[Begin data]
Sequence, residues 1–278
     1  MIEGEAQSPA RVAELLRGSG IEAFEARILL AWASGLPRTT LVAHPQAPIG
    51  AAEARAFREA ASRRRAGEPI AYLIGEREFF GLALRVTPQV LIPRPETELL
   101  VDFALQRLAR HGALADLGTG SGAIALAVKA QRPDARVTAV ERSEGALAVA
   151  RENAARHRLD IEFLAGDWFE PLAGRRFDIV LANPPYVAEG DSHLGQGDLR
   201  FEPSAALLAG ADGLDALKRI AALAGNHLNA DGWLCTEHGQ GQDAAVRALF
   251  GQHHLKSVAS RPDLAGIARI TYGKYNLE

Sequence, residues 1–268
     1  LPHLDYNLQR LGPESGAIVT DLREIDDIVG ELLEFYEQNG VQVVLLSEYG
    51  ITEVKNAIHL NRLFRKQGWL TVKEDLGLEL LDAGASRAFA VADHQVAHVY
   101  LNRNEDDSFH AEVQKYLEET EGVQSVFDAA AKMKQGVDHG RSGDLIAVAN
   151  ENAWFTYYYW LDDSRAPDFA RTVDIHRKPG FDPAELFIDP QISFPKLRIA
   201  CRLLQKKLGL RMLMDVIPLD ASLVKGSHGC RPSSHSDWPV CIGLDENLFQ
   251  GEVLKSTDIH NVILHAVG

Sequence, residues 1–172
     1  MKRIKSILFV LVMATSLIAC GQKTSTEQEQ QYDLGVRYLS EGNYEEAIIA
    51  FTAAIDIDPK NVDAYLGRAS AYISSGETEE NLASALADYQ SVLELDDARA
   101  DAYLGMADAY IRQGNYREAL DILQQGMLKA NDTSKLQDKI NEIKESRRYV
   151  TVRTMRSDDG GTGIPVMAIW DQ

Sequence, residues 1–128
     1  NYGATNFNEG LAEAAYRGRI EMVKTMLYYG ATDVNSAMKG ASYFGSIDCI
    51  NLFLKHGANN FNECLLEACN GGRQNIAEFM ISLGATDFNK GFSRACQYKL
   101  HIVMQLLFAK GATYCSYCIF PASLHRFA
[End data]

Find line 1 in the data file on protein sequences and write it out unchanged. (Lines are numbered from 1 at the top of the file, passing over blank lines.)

Sequence, residues 1–278